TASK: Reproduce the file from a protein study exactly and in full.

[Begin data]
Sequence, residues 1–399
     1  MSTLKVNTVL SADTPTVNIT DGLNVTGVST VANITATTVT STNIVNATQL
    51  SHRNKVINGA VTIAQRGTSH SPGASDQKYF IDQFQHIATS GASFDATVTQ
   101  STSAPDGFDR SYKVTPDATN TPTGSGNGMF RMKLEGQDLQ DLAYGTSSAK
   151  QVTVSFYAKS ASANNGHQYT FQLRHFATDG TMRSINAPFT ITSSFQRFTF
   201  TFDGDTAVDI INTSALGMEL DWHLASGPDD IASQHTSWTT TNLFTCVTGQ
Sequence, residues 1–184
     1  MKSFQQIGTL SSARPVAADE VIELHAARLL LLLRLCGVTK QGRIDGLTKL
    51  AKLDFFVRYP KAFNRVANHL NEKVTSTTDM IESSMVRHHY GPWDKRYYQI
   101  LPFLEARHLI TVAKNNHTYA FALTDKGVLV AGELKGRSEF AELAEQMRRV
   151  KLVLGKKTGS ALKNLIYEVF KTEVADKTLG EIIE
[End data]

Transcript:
Sequence, residues 1–399
     1  MSTLKVNTVL SADTPTVNIT DGLNVTGVST VANITATTVT STNIVNATQL
    51  SHRNKVINGA VTIAQRGTSH SPGASDQKYF IDQFQHIATS GASFDATVTQ
   101  STSAPDGFDR SYKVTPDATN TPTGSGNGMF RMKLEGQDLQ DLAYGTSSAK
   151  QVTVSFYAKS ASANNGHQYT FQLRHFATDG TMRSINAPFT ITSSFQRFTF
   201  TFDGDTAVDI INTSALGMEL DWHLASGPDD IASQHTSWTT TNLFTCVTGQ
Sequence, residues 1–184
     1  MKSFQQIGTL SSARPVAADE VIELHAARLL LLLRLCGVTK QGRIDGLTKL
    51  AKLDFFVRYP KAFNRVANHL NEKVTSTTDM IESSMVRHHY GPWDKRYYQI
   101  LPFLEARHLI TVAKNNHTYA FALTDKGVLV AGELKGRSEF AELAEQMRRV
   151  KLVLGKKTGS ALKNLIYEVF KTEVADKTLG EIIE